The Wisconsin Examiner reports…
Cannabis legalization and other criminal justice reform strategies took center stage Wednesday in Gov. Tony Evers’ live stream discussion of his Badger Bounceback plan.
“This budget isn’t my budget, it’s your budget,” the governor said during the event. “Our justice system has put a strain on our state, and on our communities, and on our families for far too long.”
Over 200 people were listening to the address through a Zoom chat, though many more likely saw it on YouTube. While some attendees were from organizations like MICAH, a multi-ethnic interfaith organization, others were simply concerned residents. Once given an opportunity to share comments, many brought up cannabis legalization.
Bringing either statistics or personal stories to the table, they questioned the point of the continued prohibition. Others touched on the issue of not only incarcerated youth, but young people remaining under-served in communities because of a lack of mental health treatment. Francis Zabrowski, a volunteer chaplain at the Milwaukee Secure Detention Facility (MSDF), said “I’ve heard so many stories, both men and women who are stuck in these jails, and yet have tremendous potential. So, I would like to take the point of view of how to best use taxpayers’ money. And, as many said already, invest in humanity.”
During the address Evers admitted, “we’ve got a lot to change.” The Badger Bounceback plan outlines several policy shifts which Evers said he hopes will begin to remedy some of that strain. Those changes include expanding the Department of Corrections’ earned release program, community alternatives to incarceration and revocation and legalizing cannabis.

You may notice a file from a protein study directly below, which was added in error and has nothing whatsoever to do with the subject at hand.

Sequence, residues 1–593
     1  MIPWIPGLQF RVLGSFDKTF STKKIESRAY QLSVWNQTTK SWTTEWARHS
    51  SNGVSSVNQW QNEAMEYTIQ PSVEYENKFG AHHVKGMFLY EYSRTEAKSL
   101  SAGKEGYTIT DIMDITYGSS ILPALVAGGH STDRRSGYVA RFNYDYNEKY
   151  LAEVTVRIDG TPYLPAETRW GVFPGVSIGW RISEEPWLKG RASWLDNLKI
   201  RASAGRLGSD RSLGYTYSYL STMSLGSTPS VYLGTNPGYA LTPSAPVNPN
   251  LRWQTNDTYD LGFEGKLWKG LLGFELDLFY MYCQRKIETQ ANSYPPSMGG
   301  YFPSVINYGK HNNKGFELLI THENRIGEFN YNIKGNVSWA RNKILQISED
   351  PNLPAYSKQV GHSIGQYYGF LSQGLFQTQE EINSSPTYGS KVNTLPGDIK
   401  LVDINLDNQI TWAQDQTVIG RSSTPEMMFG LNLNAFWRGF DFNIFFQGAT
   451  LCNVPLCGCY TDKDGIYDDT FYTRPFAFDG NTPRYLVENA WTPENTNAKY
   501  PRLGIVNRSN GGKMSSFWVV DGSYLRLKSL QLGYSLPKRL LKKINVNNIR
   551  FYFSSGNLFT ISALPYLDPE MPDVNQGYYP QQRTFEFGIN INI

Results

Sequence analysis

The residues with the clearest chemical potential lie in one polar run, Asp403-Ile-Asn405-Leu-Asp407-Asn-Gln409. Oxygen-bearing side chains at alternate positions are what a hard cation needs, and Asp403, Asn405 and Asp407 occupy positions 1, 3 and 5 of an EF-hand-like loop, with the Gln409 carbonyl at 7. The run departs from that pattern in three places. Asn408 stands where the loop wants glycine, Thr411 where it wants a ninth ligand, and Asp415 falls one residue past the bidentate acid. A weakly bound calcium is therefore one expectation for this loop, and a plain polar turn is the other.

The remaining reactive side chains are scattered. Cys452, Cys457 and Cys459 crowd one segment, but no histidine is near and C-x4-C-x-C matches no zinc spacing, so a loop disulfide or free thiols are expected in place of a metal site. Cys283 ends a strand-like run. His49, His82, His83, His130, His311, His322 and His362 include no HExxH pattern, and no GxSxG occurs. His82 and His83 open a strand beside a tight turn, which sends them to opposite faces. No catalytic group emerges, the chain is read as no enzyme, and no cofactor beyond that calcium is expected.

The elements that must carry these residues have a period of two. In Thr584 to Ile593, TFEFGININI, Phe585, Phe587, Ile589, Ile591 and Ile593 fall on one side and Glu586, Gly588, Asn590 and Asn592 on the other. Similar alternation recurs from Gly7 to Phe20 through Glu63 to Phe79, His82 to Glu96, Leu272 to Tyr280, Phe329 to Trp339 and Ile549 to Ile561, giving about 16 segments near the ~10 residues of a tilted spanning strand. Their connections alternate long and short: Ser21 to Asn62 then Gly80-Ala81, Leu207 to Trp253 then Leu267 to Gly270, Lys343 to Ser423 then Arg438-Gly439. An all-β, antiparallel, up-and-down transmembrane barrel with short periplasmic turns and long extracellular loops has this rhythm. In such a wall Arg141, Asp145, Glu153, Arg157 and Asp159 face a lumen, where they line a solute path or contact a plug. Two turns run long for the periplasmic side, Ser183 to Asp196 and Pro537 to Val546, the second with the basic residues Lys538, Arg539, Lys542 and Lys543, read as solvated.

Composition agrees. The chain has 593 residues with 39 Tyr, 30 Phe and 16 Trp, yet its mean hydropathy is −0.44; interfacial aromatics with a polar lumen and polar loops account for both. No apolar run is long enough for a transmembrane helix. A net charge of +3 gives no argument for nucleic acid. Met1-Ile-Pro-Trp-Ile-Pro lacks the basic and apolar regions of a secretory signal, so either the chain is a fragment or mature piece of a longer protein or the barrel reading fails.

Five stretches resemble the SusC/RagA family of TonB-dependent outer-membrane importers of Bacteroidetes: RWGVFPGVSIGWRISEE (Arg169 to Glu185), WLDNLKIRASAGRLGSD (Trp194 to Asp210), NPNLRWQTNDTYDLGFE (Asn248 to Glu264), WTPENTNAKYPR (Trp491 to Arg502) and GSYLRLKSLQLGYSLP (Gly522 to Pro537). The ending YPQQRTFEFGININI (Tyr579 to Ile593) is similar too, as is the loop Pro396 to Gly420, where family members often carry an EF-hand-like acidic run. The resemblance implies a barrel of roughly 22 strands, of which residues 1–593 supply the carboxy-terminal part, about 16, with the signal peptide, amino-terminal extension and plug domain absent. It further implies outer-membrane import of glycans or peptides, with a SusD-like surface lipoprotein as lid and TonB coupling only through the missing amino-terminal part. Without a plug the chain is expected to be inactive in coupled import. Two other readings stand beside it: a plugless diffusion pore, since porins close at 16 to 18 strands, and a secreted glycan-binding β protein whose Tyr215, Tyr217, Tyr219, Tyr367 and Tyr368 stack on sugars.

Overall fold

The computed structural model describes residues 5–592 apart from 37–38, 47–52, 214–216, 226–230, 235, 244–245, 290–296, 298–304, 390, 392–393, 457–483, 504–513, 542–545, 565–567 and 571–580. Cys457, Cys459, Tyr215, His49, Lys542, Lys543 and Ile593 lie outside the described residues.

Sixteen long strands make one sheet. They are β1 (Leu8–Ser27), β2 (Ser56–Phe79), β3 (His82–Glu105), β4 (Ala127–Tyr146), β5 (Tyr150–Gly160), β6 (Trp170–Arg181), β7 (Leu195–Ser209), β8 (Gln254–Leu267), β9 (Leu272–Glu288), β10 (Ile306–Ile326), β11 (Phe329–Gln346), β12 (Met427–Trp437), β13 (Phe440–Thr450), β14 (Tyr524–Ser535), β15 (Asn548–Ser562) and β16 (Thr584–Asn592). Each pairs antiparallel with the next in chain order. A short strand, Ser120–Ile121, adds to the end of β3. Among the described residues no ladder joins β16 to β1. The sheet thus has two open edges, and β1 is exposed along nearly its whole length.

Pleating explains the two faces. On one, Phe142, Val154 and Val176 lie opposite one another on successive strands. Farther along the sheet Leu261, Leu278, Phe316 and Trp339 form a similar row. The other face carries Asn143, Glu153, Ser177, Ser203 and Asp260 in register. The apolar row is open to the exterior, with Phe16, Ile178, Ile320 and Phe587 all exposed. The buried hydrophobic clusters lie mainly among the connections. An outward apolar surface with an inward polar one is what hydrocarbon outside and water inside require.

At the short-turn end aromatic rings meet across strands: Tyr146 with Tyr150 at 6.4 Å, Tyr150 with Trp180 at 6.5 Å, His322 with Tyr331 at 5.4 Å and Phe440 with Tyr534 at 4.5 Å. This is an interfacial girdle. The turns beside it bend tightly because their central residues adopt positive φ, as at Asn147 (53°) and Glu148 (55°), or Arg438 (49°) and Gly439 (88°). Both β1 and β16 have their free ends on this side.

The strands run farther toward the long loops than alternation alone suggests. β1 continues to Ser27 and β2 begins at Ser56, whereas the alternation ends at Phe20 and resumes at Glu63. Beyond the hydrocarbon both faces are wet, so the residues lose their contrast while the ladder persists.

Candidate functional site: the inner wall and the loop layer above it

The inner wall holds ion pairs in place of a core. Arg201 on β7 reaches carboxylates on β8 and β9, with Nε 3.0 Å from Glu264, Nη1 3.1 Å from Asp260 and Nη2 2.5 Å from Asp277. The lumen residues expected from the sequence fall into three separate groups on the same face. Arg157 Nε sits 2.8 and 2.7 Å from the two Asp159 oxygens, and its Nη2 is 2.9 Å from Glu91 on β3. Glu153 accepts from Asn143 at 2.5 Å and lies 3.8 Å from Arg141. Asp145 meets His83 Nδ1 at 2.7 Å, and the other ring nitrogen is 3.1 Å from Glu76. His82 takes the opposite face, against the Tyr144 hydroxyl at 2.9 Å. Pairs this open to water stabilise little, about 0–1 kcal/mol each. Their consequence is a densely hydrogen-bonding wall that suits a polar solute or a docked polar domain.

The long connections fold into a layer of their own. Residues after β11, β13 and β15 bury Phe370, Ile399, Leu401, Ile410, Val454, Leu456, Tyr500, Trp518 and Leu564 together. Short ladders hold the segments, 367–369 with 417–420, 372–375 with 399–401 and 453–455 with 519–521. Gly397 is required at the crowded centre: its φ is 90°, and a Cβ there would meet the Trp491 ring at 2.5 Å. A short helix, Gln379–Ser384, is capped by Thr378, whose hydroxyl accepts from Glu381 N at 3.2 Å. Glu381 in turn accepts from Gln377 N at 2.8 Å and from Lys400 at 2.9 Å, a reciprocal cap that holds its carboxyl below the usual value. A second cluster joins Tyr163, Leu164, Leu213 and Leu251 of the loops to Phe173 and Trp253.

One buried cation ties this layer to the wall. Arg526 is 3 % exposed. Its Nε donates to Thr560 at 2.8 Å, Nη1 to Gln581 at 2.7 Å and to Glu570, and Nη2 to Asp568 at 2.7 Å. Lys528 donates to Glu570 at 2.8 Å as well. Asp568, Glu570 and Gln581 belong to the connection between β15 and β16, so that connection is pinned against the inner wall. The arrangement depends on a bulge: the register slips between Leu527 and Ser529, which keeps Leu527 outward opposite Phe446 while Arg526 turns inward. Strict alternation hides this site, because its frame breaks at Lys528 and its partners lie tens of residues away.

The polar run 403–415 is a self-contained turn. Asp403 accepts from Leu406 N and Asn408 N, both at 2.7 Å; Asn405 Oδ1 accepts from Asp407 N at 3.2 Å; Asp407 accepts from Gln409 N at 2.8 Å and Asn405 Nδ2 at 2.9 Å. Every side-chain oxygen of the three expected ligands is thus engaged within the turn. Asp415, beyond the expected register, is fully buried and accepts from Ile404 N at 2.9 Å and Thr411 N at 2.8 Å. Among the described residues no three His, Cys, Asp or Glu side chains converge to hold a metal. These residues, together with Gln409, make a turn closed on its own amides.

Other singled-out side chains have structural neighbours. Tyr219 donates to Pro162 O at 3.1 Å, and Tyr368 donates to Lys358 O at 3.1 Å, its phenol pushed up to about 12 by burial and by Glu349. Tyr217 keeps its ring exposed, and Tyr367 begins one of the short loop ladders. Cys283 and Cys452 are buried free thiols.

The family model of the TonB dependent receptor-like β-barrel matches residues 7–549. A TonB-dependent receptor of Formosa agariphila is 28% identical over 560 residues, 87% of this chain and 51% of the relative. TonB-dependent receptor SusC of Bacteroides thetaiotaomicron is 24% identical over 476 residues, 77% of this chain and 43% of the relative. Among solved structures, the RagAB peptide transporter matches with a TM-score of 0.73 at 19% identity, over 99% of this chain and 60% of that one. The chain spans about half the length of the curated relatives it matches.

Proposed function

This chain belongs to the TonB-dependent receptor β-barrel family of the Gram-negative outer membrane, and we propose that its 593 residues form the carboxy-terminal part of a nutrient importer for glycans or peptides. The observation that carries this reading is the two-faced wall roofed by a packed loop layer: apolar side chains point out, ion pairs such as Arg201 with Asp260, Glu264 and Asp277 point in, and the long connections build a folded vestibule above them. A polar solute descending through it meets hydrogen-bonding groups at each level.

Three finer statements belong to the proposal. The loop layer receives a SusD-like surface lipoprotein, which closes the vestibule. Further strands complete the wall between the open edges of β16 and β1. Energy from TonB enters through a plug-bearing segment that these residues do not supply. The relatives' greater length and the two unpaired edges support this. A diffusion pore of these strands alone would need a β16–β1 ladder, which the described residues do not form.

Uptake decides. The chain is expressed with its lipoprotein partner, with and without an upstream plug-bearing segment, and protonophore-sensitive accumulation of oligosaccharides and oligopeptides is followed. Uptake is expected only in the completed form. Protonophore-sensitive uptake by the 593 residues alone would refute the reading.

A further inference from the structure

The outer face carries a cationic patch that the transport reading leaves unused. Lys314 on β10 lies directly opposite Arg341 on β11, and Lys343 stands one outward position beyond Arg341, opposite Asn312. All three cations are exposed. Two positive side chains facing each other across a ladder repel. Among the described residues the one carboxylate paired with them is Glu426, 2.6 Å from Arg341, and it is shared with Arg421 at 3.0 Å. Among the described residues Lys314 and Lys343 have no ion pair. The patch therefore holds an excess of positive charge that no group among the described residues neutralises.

“In addition to working to correct the disproportionate impact of marijuana enforcement on communities of color within the justice system, we’re also proposing using about $80 million in new tax revenue generated by legalization to be reinvested in communities through the community reinvestment fund,” Evers said.
The 2021-23 budget outlines bold plans to support infrastructure, transportation, education and other areas which have been neglected. “We can’t be doing things the same way we’ve always done them,” Evers said. “Because frankly, to paraphrase something a constituent said at our listening sessions, ‘the system isn’t serving the people, it isn’t serving the victims, it isn’t serving public safety and it isn’t serving the future success of our state.’ ”
When the budget was announced, the governor noted that legal recreational cannabis could become a $165 million industry for the state.
While Wisconsin’s GOP legislative leaders have already signaled that they won’t budge on cannabis prohibition including confirmation Thursday by Majority Leader Devin LeMahieu that there are not enough votes in the state Senate, cannabis reform has become more of a bipartisan issue, with Republican state representatives introducing their own proposals to legalize medical cannabis or lower existing fines. Local municipalities from Appleton to Milwaukee have successfully passed ordinances to lower fines for cannabis possession. And in Madison, cannabis is essentially decriminalized.
“It just makes sense for us to take this step,” said Lt. Gov. Mandela Barnes, who also participated in Wednesday’s event. “There’s no reason that we shouldn’t join the other 17 states that have legalized recreational marijuana. And not only are we continuing to lock people up for something that many people in other states not only do freely, but for the same business arrangement that have made people millionaires virtually overnight across this country. It is a waste of money, it is a waste of time and it is completely unjust.”
Beyond simply legalizing, the Bounceback plan also aims to aid people who’ve had past cannabis-related convictions. Barnes noted that Evers has issued more than 150 pardons and the Department of Corrections has expanded the earned release program.
Evers said he also wants to modify criminal penalties so that people previously convicted of — or still serving time for — marijuana-related crimes can have their sentences repealed or reduced to non-violent minor offenses.
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